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China Poised to Expand Censorship Crackdown

After weeks of increased regulation aimed at foreign television shows streaming online, sources say Chinese regulators soon will be targeting Hollywood titles.

China will dramatically step up its crackdown on web content to include censorship of feature films streamed online in a raft of tough new rules that until now mostly had been aimed at overseas TV dramas.


Until late last year, online video sites largely were self-censoring, but the government is cracking down hard on pornography, violence or anything that might challenge the authority of the ruling Communist Party, and Hollywood movies are the next target of the campaign.

“We are at an early stage in this process,” said an industry source at the Berlin International Film Festival. “The government is planning to extend the censorship rules to include movies next, after imposing restrictions on TV dramas.”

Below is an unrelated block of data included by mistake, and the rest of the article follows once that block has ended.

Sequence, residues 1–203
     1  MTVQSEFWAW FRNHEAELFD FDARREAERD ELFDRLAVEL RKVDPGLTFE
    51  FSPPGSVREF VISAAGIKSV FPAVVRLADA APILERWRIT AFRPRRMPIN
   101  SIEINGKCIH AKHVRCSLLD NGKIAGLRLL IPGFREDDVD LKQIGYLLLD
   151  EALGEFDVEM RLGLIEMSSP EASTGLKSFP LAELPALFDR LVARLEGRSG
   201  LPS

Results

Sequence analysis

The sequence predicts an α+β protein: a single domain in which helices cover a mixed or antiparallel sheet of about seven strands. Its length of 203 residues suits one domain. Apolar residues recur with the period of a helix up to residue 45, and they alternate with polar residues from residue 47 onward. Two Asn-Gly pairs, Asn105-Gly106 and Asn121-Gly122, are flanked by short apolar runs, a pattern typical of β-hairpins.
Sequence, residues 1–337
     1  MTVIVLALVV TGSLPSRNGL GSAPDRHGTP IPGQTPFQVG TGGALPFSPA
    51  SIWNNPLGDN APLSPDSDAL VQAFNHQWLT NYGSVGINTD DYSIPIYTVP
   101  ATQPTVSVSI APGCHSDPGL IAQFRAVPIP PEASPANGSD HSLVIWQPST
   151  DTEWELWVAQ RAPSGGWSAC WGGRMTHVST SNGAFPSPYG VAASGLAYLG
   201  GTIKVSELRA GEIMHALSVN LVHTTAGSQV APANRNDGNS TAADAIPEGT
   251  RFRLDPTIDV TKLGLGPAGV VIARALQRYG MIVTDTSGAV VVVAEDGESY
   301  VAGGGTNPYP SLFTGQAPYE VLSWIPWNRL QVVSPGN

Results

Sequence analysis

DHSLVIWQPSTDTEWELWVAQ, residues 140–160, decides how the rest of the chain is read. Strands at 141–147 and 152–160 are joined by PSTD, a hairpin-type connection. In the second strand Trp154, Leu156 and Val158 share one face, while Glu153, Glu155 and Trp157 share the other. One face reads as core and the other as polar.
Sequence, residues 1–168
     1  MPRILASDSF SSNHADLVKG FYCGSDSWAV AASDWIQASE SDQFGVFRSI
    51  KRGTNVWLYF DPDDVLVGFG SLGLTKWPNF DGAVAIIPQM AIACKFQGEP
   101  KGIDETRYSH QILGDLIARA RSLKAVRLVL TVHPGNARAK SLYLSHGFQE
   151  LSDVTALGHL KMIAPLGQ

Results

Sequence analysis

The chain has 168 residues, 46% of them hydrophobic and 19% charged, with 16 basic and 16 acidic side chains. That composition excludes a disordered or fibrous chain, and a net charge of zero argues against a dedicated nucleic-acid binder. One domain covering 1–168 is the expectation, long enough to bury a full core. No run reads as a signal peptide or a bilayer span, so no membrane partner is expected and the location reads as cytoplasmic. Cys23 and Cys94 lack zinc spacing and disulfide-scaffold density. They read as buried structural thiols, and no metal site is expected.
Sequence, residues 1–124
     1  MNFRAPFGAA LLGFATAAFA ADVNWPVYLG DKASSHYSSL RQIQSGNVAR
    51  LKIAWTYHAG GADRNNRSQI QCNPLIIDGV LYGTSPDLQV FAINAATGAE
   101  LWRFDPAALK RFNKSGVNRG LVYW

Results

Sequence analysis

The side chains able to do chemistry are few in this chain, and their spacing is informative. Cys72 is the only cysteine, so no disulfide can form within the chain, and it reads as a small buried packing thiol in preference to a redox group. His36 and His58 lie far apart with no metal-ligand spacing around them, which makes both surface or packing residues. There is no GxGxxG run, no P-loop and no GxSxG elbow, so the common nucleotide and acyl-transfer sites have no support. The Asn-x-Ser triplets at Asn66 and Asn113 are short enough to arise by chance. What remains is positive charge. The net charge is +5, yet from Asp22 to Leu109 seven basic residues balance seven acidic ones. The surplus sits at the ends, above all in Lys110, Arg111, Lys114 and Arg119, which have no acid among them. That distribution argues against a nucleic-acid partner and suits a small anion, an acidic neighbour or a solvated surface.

China is the world’s second-biggest film market, and Hollywood studios have started reaping profits from selling content to sites such as Youku Tudou, Baidu’s iQIYI, and Tencent. But negotiating its regulatory environment can be tricky, and censorship of movies online would make the market more challenging.

“It probably wouldn’t be a huge problem if some scenes of sex or violence were cut,” said one leading U.S. sales agent, “but if scenes started to be rearranged, or there were other wholesale changes, watch out.”

There are fears that increased censorship also could encourage more piracy, and could give domestic movies, which have to go through the censorship process very early on, an advantage.

“The government wants to make sure it has oversight over all content that is shown online, and it was always obvious that they would extend the crackdown on TV dramas to features,” said the source.